The Playgoer: More Criticism, Not Less

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Thursday, July 05, 2007

More Criticism, Not Less

"Varied and lively opinionated criticism isn’t necessarily good for individual productions or artists, but it is good for the genre as a whole. If there is no intellectual, aesthetic, political, spiritual, passionate argument about what gets made, then the only arbiters of value are the box office and the phone-in. Bad culture drives out good unless there is someone there to stop it. Look at cinema, which is now virtually critic-proof."

- London Times' A.A. Gill on what he views as the sorry state of dramatic criticism in the UK.

I don't follow the London critics enough to either agree or disagree, but I'm quite taken with at least one part of his argument--that good-quality criticism can help create interest in theatre. He cites the rise in readable food criticism as creating a new interest beyong eating. One might say the same for (if you can believe it) automobile criticism.


Anonymous said...

What is sad about this is that London has probably 3x as many "serious" critics as New York, and at least 5x as much disagreement as our first-string critics, who are almost always fundamentally in agreement.

Anonymous said...

Gill's pov is so critic-centric and presupposes that critics know good culture when they see it.

What real proof is there of that?

There's plenty in the canon that was panned on first arrival. And plenty that's within the canon that's pure esoteric crap.

And when wasn't cinema critic-proof?

Gill is full of it.

Anonymous said...

What's with the slam? What do you mean, "if you can believe it"? Automobile criticism is a completely legitimate exercise.

Automobiles are a mix of the functional and the aesthetic; automobile criticism is probably quite analogous to architecture criticism in that regard, and no one has any doubts about the latter's legitimacy as a critical discipline.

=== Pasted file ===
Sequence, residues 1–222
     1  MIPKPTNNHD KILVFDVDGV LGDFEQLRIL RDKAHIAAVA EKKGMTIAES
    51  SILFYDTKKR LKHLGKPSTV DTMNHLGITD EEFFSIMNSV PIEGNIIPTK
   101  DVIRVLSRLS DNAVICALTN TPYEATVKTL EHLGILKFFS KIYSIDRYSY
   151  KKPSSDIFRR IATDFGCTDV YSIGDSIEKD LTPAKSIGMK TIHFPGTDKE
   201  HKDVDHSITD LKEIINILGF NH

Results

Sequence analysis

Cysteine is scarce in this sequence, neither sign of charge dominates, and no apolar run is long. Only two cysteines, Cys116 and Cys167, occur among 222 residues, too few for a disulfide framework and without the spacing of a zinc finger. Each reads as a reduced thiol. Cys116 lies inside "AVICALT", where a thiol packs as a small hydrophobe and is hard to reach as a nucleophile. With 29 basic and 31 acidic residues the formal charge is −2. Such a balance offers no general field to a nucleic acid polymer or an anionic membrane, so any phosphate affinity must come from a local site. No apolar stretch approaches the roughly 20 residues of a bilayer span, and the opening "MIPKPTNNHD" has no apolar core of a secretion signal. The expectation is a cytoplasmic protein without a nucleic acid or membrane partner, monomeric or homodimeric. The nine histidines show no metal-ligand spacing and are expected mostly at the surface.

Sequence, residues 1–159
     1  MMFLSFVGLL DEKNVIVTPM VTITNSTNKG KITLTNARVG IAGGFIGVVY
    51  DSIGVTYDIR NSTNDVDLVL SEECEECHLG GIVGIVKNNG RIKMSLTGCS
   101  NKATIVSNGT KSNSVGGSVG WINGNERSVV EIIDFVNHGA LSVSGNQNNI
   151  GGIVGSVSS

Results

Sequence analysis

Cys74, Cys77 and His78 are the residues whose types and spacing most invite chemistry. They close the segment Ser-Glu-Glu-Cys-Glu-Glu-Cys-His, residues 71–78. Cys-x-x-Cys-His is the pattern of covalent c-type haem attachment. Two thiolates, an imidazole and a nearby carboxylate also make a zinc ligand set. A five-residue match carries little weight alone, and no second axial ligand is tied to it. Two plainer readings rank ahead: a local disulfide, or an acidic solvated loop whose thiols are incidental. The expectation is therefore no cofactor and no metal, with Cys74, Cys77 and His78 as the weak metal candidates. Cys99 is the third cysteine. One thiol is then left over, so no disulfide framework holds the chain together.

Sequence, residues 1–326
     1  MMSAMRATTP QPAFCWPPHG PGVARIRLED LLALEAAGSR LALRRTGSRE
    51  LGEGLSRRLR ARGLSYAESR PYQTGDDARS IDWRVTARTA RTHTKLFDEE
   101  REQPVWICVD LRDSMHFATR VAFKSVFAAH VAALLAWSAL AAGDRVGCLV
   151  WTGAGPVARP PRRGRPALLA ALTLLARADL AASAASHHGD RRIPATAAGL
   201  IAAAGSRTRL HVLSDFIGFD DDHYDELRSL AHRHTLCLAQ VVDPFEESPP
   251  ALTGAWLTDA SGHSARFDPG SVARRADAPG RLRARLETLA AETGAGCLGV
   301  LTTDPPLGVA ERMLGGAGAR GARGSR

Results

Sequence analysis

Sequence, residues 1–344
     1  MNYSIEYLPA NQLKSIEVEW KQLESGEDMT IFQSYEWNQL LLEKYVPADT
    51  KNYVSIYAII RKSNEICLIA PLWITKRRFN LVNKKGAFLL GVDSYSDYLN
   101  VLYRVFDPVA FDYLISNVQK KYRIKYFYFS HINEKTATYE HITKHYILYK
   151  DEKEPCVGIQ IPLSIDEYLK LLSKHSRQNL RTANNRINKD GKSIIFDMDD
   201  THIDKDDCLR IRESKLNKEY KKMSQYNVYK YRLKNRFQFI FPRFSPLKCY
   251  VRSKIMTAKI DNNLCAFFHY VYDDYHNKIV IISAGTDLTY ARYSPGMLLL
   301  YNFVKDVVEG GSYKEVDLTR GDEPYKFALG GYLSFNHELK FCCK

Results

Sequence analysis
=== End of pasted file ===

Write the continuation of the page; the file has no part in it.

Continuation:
Actually, it's a surprise that automobile criticism is this late to the party. Autos are about as old as cinema, yet cinema developed a critical framework and vocabulary long ago; auto criticism is only now finding its feet.

Ten years from now, perhaps you'll express similar surprise at the quality of technology criticism, or the critical vocabulary it's developed. Thirty years from now, there may well be (for example) doctoral dissertations examining digital-music players, functionally and aesthetically, from a queer-theory perspective - as well as professors competent to review such a dissertation.

Paul Rekk said...

@anon: "And when wasn't cinema critic-proof?"

Love her or hate her: Pauline Kael.

Also the original Cahiers du Cinema crowd, before the critics decided they could do it better. And succeeded.

I don't know enough about the London critics to say too much either, but the problem with a critic-centric society has very little to do with the critics. It's the theatre (or film, you pick) goers who are waiting to be told what to watch and then blindly follow that are the base of the problem.

Playgoer said...

Whoa, Nelly. Sorry to irk any auto critics out there. Truth is, I'm a New Yorker who doesn't drive, ok? So I wouldn't know good auto criticism from... well IPod criticism, since I don't have one of those either.

I can appreciate that good writers can elevate any subject. But I have to admit something disturbs me about a field of criticism devoted to promoting mega-corporate products. Criticism and consumerism, I suppose are always in bed together, but if I don't like consumer-guide theatre criticism, why would I like it on a technology page?

Anonymous said...

Uh -- HOLLYWOOD??? Aint that mega-corporate? Is all film criticim PROMOTIONAL? Why assume that all car criticism is. Wasn't there a Pulitzer Prize in Criticism for auto crit recently?

Anyway, good critics aren't for the purpose of telling people what plays or movies to see (or cars or ipods to buy); they are for fostering intelligent discussion and promoting thinking about the art form and the issues it raises. Are all critics doing this well? Nope. But it's still a good enterprise. Critics certainly should not be the final arbiters, but god (or somebody) help us if box office alone rules. There are many a good thing in the world that don't have mass appeal. And many things with mass appeal that are crap. Not necessarily in either case, of course . . .